Geddes’ story features this involved family elder sharing his innate abilities to rock a fussy baby to sleep, or make it laugh. Fun overnights at the Grandparents’ house often involve practical joker Grandpa, flicking the lights on and off while Grandma tells a bedtime story, showing the kids how to make homemade ice cream, or describing to the grandchildren the years when their own parents were young. Clearly the elder’s teachings and wisdom have made an impression on these youngsters, as they in turn are quick to apprise Grandpa of approaching danger near the book’s end, in order to remove him from harm’s way.
Illustrations provided by artist Windel Eborles easily corresponds to the storyline with the use of a solid and bright color palette. Character nuances come through in the visual details from the cover image of a fun-loving, gray-haired, mustachioed Grandpa giving a wink, or the worried facial expressions of the young family members when their campsite is visited by a mother skunk and her kits, to the wild plaid PJs worn by Grandpa, that make him seem like one of the grandkids. Though this is primarily a tale about Grandpa, since Grammy’s participatory efforts are acknowledged in the storyline, her visual presence would have been a nice addition. In a modern-day finale, Geddes invites readers to share lessons they’ve learned from their own Grandpa, via postings on Facebook or Instagram.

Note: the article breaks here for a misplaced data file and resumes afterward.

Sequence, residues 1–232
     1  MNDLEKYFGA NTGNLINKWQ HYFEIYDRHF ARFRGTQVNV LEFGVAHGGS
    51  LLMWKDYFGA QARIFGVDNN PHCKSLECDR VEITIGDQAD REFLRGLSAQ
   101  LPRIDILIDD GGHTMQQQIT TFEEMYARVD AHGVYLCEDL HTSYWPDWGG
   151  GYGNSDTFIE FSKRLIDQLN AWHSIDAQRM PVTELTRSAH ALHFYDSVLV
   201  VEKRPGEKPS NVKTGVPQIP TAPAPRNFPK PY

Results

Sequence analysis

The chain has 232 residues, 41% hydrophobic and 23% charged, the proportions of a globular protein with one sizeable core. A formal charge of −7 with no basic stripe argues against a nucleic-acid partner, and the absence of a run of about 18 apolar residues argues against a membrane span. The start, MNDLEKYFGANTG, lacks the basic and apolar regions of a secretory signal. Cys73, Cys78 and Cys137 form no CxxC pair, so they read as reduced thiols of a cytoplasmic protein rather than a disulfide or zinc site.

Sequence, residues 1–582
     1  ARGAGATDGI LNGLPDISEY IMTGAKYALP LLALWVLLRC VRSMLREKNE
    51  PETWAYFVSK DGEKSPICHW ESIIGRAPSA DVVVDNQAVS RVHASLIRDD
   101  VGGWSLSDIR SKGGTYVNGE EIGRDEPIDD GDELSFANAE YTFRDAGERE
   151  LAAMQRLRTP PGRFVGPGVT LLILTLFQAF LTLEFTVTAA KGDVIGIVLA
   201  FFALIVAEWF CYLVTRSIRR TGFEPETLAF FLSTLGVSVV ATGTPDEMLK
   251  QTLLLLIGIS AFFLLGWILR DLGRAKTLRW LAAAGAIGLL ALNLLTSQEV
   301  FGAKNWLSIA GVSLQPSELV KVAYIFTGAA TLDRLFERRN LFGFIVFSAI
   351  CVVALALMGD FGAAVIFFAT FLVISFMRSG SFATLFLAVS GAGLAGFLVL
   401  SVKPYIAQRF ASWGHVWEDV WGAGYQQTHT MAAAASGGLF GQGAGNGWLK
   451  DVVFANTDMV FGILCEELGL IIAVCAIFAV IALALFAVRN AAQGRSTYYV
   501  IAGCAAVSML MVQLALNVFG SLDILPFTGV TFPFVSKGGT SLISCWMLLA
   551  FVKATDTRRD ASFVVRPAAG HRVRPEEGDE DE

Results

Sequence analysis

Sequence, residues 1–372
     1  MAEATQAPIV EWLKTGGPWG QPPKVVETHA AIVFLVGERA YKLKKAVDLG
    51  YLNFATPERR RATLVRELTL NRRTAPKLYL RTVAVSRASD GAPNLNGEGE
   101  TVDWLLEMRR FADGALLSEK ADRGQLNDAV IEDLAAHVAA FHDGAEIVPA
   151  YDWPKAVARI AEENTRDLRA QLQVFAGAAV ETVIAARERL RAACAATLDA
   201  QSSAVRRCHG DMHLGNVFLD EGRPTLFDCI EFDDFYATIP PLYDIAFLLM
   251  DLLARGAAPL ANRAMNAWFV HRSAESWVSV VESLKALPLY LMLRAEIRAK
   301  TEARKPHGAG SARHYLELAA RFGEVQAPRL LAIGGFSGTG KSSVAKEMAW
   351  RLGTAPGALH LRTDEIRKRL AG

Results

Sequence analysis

In recent times, with more and more generations of families residing under one roof, this is a well-paced, informative book, ideally to be shared by a new young reader and an elder family member. With its multitude of lessons about fixing items and solving problems, helping others, respecting nature, being patient, having fun, and learning new things, the final takeaway reinforces the importance of family connections and the true value of knowledge and experience passed between generations.
Where Did Nicky Go?
This is the story about a boy named Danny who had his best friend, Nicky, a Golden Retriever, grow old and die. Yes, as all dog owners know the loss of a pet is one of the saddest things to happen in life. In many ways, Danny was saddened and simply overwhelmed with his thinking about Nicky, wondering as the book title suggests, Where Did Nicky Go?
Author Lucy Geddes has written a very lovely and important story which all children living with a dog, or even another loved pet, will benefit from the experience Danny went through. She teaches a lesson of kindness and hope, along with allowing the time for Danny to come to grips with the loss of his best friend. Illustrations by Schenker De Leon adds the perfect visual layer of the messaging for this story allowing readers to see Danny and how the loss of Nicky played upon his emotions. Together, this is a somber story, yet realistic about the lesson of having to put thoughts in the past – even seeing how hard it was for Danny to understand.